ARC's Gems in the Dune Project Manager, Fiona Sunners explains how they have been getting creative to engage new audiences with wildlife on the Sefton coast.

It’s great getting out for a walk on the sand dunes and throughout the Gems in the Dunes project it’s something we’ve done many times, inviting people to join us to discover more about the wonderful wildlife and landscape of the Sefton coast. We certainly enjoy enlightening people with facts about everything around them; toads, lizards, beetles, flowers… but that’s not for everyone, so we took a different tack and used the landscape for inspiration and to look at it in a different way, without being bombarded by 120 facts per minute!

A year and a half ago, the wonderful writer and poet Hazel Mutch led a series of walks with us through the dunes – we didn’t get far, but as the saying goes it’s quality not quantity that counts. On the walks we wandered along stopping here and there to look at our surroundings and write down words to describe what we saw, what we heard and how we felt. We looked out wide and right down close adding more words until short stories or poem had formed.

That seems so long ago, so we invited Hazel to join us once again – this time virtually, as we held our creative writing event online. The coast was still our inspiration and a series of images over time provided the inspiration for ‘The Long Story – looking at the dunes through time and space’.

Ainsdale 28 sept 2018
© North West Coastal Monitoring Programme

A few words from ourselves, briefly set the scene about the project and what we are doing but then Hazel took over, showing us this image (right) she asked us to imagine ourselves as a character looking down on it, and who were we and what did we see?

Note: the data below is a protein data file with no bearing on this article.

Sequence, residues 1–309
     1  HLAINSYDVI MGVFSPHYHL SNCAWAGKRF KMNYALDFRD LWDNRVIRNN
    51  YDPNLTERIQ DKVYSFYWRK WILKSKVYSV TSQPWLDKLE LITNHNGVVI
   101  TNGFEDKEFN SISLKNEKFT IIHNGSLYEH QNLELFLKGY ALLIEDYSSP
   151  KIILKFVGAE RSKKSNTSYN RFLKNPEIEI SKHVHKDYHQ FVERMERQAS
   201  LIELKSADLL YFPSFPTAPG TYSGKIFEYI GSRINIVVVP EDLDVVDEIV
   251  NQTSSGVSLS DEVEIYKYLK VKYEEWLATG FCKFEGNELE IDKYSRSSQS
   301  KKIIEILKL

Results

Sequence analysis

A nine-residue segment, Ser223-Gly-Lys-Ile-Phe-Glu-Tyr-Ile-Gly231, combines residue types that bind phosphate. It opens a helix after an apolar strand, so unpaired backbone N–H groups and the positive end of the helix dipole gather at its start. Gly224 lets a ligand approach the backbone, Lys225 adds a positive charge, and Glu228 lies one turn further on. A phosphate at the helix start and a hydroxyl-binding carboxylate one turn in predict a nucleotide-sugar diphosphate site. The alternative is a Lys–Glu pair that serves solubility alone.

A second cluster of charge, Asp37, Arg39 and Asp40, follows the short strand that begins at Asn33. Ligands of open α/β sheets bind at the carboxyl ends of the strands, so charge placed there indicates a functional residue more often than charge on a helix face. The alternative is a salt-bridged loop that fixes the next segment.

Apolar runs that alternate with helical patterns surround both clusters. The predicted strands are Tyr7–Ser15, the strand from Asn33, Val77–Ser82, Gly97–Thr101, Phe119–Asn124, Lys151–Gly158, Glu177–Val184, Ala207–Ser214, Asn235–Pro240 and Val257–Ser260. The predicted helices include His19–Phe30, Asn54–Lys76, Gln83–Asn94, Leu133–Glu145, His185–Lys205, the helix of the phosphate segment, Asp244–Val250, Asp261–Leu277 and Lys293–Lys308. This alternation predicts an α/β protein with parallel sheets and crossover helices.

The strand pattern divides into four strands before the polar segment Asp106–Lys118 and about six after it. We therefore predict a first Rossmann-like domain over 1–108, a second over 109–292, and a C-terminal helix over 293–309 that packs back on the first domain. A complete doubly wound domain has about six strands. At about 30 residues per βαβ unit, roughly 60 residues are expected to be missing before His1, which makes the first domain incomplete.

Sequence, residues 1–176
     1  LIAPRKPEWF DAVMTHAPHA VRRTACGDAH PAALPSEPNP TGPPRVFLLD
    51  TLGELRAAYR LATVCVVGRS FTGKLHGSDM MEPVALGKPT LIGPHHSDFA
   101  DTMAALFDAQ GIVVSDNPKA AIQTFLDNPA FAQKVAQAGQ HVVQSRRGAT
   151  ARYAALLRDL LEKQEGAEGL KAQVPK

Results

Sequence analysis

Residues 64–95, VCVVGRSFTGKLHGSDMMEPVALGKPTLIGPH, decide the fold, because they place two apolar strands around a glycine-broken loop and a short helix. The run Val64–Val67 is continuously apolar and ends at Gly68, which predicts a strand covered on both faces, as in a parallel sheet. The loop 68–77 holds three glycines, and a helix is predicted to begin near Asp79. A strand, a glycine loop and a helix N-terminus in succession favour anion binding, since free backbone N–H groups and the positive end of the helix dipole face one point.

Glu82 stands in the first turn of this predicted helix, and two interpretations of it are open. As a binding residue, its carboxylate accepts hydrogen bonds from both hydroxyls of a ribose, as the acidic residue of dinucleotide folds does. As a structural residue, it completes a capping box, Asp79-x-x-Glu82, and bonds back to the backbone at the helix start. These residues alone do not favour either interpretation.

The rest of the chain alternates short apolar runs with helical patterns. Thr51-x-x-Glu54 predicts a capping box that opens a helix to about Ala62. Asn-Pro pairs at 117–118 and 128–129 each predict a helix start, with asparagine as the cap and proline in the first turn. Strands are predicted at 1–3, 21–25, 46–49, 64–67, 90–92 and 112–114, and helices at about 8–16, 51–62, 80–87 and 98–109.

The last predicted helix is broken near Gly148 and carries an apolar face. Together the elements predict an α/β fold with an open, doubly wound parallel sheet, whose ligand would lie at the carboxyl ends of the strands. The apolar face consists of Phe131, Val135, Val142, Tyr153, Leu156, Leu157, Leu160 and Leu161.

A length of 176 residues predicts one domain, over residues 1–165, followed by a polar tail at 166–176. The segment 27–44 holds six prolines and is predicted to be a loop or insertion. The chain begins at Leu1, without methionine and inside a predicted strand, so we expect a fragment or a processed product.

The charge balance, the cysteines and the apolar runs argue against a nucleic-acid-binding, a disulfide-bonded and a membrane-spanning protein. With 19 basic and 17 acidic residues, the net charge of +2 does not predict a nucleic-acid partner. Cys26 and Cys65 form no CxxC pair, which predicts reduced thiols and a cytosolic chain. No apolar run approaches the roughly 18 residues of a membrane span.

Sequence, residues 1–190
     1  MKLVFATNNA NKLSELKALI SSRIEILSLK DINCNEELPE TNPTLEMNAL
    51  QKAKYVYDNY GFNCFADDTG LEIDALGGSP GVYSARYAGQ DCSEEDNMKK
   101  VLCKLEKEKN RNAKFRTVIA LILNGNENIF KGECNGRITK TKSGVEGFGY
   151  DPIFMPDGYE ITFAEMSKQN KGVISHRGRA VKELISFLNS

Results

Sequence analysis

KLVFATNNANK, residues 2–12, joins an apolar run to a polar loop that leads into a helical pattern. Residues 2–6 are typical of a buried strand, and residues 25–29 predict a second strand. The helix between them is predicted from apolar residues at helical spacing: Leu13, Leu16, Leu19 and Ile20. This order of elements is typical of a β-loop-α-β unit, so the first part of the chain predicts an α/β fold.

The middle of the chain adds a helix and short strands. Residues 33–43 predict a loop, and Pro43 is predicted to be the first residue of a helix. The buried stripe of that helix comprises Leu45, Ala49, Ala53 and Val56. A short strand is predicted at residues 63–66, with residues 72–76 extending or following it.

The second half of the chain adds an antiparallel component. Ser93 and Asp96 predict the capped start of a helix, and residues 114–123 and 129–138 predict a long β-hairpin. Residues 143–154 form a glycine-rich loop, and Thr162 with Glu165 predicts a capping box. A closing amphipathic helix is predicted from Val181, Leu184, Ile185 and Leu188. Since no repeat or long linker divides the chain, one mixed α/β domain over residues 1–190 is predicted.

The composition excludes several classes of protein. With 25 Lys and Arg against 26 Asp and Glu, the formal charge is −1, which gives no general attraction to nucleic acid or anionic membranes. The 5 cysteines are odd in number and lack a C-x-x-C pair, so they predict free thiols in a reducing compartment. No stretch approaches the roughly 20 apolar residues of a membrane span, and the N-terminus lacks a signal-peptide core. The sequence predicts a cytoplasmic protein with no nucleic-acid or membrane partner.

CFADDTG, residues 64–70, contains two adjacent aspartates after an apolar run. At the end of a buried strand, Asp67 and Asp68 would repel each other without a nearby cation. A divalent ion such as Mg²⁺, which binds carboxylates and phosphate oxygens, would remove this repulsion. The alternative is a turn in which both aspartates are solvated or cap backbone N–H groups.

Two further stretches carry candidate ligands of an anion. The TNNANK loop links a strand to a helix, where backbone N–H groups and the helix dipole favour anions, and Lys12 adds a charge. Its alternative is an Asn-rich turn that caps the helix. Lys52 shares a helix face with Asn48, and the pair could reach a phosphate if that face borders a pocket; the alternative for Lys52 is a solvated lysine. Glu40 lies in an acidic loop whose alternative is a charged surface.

The imagination is great and everybody saw something different from a ‘Toblerone and coffee ice cream’ to an ‘alien landscape and wondering where might be safe to land’ and even ‘an angry dragon upset there was nothing to flame’!
Simply writing a list of ten words of things found on the beach led one of our attendees Ian to create a great poem:

Life On The Beach

Shadows of dogs
Reflections of logs
In the pools on the sand
Shells coloured in bands
Rigs and brine
Twigs and twine
Float over the sea
Their ripples spread closer to me

Participants will be back for the another two session, where our focus will be ‘Secrets in the Sand – the hidden lives of creatures in the dunes’ and ‘Wild Wonders – the astonishing plant-life and fungi of the dunes’. All these sessions are fully booked, but thanks to our NLHF funding, as part of the national Back from the Brink programme, we’ll be running more similar events, so checkout our events page for what’s coming up, but in the mean-time take a look at Hazel’s blog